In notorious KBR whistleblower case, client privilege is again at issue

December 8, 2014

(Reuters) – Ten years ago, the government contractor KBR began an internal investigation of allegations that it overbilled the U.S. government for shoddy work by Iraqi subcontractors who paid kickbacks to KBR employees. The U.S. Defense Department requires its contractors to investigate kickback allegations, and KBR has in the past offered credits to the U.S. government based on the findings of internal investigators. In this case, however, after two years of interviewing witnesses and reviewing documents, KBR did not inform the Defense Department that there were reasonable grounds to believe kickbacks had been paid. Nor did it tender any credit to the government for overcharges.

There are two possible explanations for that outcome. One is that KBR’s internal investigation determined the allegations to be unfounded so the contractor had nothing to report. The other possibility is that KBR either manipulated the investigation or the evidence in order to reach the conclusion that it did nothing wrong. As you may recall, KBR required employees to sign non-disclosure agreements about the investigation, a tactic that’s under scrutiny by the Securities and Exchange Commission and by Democrats in the U.S. House and Senate.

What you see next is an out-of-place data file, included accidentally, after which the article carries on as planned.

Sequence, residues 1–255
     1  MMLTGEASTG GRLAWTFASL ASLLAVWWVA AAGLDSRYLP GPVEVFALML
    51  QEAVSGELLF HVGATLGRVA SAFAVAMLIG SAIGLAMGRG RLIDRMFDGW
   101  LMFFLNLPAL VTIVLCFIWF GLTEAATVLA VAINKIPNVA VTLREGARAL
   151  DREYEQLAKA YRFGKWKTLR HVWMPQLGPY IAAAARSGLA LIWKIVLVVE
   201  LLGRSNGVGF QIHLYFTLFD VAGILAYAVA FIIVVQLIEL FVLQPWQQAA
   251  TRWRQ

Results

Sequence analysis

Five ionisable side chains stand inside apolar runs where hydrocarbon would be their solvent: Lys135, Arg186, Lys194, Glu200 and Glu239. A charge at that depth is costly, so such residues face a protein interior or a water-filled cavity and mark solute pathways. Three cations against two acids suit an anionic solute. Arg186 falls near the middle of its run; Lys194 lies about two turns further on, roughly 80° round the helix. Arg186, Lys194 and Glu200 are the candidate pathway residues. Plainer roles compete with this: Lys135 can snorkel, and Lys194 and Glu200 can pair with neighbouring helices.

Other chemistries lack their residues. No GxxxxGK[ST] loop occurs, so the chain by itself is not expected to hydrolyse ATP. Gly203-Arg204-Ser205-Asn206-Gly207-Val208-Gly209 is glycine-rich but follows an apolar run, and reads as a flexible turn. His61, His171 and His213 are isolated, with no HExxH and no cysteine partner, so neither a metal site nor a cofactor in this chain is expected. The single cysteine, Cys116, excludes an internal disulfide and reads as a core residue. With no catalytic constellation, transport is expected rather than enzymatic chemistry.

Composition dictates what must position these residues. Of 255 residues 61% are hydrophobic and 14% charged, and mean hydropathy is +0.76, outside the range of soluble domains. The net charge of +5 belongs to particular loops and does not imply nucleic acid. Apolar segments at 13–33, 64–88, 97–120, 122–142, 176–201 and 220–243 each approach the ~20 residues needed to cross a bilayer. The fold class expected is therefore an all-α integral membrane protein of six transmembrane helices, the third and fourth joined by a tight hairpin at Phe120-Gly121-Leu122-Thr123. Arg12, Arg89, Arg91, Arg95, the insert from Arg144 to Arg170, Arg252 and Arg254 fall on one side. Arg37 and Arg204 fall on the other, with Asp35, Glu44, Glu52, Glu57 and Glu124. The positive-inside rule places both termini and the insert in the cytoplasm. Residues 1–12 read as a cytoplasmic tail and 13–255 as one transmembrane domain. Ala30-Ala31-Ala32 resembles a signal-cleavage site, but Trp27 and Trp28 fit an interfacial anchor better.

At the moment, only KBR knows what its investigators found. But the company is – once again – fighting to keep its documents under the cloak of attorney-client privilege. Unless the District of Columbia U.S. Circuit Court of Appeals comes to its rescue for a second time, KBR will have to give up the records of its investigation to whistleblower Harry Barko and his lawyers at Kohn Kohn & Colapinto.

In KBR’s previous trip to the D.C. Circuit in June, the appeals court set a business-friendly standard for attorney-client privilege, holding that the privilege shields the records of internal investigations as long as obtaining legal advice was a “substantial purpose” of the inquiry. Granting KBR’s mandamus petition, the appeals court reversed the trial judge overseeing Barko’s False Claims Act case against KBR, U.S. District Judge James Gwin of Washington. The appellate ruling came as a huge relief to corporations in regulated industries, since Gwin had held that attorney-client privilege does not protect documents from internal investigations conducted with the primary purpose of compliance with federal regulations. Late last month, Barko filed a petition for certiorari at the U.S. Supreme Court, arguing that the D.C. Circuit’s new substantial purpose standard is at odds with Supreme Court precedent on the attorney-client privilege.